|Albert Finney as Hercule Poirot|
Famous Belgian detective Hercule Poirot (Albert Finney of Tom Jones) takes over the investigation after a man using an assumed name is murdered, and there turns out to be a whole train load of suspects. In her novel, Agatha Christie's starting off point was the murder of the Lindbergh baby, and the victim was involved in the kidnapping of the child, herein named Daisy Armstrong. In both book and movie Poirot perhaps doesn't exhibit quite as much incredulity as he might have when he learns at least two people on the train just happen to have had ties to the victim (as well as others whose deaths were a direct result of little Daisy's murder). And then things get even stranger, but there's a method to Christie's madness ... This was the first of the big-budget, all-star adaptations of the works of Christie, and it's entertaining if unspectacular. Oscar winner for Best Actor, Finney is nothing like Poirot, but if this is a "stunt" performance, I must say it's an excellent one, although he isn't as good as David Suchet, who later made the role his own. Wendy Hiller gives a positively weird, and one assumes, intentionally comic performance as the aged Princess Dragomiroff. Ingrid Bergman is fine but her very small role hardly deserved the supporting Oscar she received. Similarly, Sir John Gielgud is wonderful, but he's on-screen for only a few minutes; he won a BAFTA award. (Surely Oscars should be reserved for actors who are very much outside their comfort zone, which Finney definitely was). In a terrible performance, Anthony Perkins literally twitches all over the place as the secretary to the dead man; Sean Connery has one strong scene explaining himself to Poirot; Rachel Roberts scores as the princess' maid; Richard Widmark is fine as the victim; Vanessa Redgrave [Camelot] is perfect and lovely as Connery's paramour; and Martin Balsam is a delight as a representative of the train line and a personal friend of Poirot's. Richard Rodney Bennett provided the pastiche Porter score, which lacks the suspense this type of picture requires. Many of the cast members, especially Lauren Bacall as the loud American lady, seem self-conscious.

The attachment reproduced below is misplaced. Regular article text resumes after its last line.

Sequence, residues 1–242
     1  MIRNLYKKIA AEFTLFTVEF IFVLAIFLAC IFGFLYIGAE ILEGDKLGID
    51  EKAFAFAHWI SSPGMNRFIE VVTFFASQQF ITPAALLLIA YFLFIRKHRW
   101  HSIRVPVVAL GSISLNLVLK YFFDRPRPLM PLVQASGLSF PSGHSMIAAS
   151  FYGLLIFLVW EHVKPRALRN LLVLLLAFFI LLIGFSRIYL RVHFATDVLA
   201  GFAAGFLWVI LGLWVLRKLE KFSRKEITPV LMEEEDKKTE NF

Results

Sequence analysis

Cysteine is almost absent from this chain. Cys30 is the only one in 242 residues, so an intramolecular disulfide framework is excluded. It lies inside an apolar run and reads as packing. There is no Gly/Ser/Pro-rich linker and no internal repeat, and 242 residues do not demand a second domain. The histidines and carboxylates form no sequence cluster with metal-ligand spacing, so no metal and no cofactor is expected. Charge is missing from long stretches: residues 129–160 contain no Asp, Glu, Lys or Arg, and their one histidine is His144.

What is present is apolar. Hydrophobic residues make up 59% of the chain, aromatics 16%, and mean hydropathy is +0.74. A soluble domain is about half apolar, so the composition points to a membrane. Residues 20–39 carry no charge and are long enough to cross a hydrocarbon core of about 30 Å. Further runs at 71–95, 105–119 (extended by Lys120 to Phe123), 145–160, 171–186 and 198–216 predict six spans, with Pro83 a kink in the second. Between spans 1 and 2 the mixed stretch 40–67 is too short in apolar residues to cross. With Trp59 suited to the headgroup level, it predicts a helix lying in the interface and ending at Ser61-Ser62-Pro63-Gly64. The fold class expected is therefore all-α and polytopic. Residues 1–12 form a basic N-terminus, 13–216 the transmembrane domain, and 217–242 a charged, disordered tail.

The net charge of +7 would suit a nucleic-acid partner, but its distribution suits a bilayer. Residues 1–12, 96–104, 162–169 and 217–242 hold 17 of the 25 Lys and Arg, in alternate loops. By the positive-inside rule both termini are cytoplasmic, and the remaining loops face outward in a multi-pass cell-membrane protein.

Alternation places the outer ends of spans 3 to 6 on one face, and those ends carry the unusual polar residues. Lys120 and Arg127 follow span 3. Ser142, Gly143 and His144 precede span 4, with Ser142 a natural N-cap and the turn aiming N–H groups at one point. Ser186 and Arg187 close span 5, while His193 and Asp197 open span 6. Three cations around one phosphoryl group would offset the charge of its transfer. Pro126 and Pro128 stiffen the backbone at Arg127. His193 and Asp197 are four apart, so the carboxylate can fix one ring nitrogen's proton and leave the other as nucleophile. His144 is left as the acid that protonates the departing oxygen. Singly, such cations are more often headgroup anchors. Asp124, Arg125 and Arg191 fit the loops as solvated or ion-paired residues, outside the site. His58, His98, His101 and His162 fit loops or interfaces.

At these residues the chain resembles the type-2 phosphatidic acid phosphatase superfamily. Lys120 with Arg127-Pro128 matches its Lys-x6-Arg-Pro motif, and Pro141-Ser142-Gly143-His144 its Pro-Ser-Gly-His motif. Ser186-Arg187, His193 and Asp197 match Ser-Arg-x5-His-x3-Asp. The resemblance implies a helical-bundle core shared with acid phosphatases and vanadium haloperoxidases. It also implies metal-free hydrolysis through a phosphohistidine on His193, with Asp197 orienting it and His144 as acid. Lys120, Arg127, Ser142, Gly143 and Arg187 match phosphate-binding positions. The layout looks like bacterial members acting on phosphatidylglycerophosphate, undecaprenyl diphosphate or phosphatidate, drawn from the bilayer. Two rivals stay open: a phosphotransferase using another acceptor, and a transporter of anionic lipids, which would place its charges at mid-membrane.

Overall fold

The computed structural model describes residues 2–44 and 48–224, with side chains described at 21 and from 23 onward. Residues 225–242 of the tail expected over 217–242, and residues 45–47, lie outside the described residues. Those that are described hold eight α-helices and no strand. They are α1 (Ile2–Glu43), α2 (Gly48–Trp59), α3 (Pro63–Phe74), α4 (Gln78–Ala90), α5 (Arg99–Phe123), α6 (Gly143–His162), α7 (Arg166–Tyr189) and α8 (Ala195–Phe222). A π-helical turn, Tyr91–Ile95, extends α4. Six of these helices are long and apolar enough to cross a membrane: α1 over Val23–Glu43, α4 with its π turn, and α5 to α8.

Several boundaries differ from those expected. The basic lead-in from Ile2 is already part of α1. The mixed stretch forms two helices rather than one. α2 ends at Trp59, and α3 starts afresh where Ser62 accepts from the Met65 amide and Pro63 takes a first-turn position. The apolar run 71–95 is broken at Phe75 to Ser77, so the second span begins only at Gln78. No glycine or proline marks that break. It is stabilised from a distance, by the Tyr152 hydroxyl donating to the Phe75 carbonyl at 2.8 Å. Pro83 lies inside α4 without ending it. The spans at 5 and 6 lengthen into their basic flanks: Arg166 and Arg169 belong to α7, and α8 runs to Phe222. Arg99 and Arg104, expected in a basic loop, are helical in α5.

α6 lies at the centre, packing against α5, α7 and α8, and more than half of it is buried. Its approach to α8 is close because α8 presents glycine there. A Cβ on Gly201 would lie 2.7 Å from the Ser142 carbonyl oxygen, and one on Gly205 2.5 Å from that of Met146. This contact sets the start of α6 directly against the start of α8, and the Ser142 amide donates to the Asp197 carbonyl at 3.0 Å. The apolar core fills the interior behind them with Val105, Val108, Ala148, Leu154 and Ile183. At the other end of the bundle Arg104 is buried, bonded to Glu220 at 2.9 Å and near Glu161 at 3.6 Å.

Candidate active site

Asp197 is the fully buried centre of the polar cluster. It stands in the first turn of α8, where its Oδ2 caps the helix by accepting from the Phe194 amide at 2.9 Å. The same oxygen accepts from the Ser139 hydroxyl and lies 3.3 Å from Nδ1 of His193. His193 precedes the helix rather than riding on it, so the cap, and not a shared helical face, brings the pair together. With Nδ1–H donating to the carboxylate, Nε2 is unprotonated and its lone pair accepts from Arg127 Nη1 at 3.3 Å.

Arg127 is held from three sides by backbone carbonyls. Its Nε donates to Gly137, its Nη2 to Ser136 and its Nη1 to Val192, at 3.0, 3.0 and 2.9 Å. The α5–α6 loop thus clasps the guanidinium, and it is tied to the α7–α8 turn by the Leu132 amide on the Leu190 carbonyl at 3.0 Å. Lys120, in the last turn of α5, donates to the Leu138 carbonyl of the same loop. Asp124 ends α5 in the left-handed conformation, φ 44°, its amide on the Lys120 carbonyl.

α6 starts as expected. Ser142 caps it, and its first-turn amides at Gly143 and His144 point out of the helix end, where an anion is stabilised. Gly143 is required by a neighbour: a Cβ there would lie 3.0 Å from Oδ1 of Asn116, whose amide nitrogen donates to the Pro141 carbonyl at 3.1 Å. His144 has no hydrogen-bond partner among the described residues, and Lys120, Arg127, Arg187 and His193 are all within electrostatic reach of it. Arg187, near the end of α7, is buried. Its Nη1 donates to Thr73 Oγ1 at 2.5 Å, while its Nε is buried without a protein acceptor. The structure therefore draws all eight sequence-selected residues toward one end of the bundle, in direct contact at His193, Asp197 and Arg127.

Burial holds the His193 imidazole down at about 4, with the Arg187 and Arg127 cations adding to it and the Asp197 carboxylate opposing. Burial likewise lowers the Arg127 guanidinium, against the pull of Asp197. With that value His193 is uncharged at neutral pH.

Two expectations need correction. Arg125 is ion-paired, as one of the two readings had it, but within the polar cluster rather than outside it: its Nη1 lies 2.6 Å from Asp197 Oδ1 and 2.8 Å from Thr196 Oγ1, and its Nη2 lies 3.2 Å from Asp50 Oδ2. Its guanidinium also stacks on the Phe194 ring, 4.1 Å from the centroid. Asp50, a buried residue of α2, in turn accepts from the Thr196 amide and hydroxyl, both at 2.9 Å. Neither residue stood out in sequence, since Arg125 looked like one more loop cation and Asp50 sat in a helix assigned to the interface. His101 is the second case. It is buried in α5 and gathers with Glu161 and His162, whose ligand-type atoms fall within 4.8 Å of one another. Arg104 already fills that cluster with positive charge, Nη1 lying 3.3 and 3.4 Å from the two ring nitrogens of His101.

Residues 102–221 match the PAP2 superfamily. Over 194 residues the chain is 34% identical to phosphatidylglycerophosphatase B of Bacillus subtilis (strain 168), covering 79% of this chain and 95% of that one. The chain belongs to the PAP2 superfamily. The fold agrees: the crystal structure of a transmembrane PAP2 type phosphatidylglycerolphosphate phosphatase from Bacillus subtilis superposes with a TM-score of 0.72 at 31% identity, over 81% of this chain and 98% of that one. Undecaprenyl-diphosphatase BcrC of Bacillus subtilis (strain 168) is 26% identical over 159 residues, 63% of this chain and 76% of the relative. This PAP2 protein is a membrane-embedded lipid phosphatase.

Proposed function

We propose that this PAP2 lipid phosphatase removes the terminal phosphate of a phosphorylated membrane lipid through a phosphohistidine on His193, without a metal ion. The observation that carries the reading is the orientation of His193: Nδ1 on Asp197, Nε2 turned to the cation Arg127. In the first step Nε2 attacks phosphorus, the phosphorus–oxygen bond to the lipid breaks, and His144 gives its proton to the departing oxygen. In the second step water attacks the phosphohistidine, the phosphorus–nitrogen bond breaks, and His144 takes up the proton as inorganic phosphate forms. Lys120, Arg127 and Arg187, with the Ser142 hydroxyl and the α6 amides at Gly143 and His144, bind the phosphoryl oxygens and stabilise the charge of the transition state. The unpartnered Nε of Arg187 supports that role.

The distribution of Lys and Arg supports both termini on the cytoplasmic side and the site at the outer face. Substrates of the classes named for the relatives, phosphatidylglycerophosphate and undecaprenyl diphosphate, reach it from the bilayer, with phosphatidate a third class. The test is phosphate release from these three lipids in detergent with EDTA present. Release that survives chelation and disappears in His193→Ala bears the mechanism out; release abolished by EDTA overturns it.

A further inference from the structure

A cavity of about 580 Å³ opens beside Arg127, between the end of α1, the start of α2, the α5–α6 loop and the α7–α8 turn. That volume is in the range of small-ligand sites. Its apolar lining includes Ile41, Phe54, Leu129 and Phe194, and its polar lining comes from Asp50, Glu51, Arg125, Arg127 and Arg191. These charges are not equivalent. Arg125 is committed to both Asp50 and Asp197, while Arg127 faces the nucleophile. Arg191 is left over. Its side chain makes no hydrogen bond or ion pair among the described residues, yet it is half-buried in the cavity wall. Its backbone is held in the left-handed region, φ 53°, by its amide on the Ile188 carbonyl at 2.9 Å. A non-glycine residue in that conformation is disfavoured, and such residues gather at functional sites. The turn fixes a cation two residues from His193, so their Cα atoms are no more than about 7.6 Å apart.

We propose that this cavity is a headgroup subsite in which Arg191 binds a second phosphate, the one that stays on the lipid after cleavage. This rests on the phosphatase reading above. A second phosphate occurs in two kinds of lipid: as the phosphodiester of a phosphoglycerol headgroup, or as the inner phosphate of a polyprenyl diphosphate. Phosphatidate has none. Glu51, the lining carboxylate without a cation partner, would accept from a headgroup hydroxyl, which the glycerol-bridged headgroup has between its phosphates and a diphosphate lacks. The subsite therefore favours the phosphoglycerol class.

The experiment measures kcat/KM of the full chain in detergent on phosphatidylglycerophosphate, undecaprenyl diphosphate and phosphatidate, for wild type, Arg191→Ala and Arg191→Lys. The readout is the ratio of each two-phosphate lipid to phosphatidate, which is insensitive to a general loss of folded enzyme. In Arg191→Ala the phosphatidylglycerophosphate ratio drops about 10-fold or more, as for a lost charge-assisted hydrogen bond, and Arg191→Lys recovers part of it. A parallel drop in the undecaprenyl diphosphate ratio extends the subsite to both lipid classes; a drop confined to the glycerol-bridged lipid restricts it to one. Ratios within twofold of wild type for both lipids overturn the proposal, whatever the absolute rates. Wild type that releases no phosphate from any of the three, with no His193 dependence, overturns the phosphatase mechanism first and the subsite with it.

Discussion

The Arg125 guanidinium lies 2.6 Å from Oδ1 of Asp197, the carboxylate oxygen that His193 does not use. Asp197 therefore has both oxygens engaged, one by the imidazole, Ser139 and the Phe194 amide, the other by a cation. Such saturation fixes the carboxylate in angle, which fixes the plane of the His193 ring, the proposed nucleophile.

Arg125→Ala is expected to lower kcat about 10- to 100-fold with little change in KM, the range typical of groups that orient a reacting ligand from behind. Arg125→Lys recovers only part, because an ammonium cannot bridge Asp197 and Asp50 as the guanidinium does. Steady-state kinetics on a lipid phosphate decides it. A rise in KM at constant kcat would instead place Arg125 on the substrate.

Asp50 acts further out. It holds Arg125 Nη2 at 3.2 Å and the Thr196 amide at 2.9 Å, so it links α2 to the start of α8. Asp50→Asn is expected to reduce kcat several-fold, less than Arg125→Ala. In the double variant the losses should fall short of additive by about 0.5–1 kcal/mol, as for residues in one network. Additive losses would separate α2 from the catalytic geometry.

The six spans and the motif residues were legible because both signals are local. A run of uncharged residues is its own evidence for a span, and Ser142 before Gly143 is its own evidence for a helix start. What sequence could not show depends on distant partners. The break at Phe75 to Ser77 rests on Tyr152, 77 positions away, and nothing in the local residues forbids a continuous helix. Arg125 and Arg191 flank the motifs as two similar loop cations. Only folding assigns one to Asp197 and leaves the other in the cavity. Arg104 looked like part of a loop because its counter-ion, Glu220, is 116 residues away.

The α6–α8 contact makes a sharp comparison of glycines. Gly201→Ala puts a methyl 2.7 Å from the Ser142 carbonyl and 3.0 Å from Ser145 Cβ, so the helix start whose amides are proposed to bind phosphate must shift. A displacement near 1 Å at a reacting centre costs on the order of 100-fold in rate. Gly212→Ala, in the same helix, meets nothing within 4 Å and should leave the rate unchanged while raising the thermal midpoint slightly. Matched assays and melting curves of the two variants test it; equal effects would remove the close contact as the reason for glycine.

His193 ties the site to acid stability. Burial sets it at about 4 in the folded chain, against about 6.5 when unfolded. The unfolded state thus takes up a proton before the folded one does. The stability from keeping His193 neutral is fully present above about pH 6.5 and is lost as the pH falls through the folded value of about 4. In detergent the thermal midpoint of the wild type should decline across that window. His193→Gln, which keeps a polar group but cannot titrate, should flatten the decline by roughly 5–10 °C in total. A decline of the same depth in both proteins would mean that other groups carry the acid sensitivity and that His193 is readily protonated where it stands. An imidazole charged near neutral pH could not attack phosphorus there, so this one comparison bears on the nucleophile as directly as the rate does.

In addition to the 2017 remake, there have been other adaptations of the famous story. Alfred Molina played Poirot in a 2001 television version. David Suchet again essayed Poirot in a 2010 TV movie which added a prologue, with an adulteress being stoned to death, that was not in the novel, and an epilogue wherein Poirot expresses moral outrage over the murder on the train which he does not express in the book; later he softens his attitude due to the murder of that woman at the opening. Suchet is especially excellent in this and it's amusing to see Hugh Bonneville of Downton Abbey playing a mere valet. Finally, a Japanese mini-series based on the novel appeared in 2015.
Verdict: Take this train ride or not -- it's up to you. **1/2.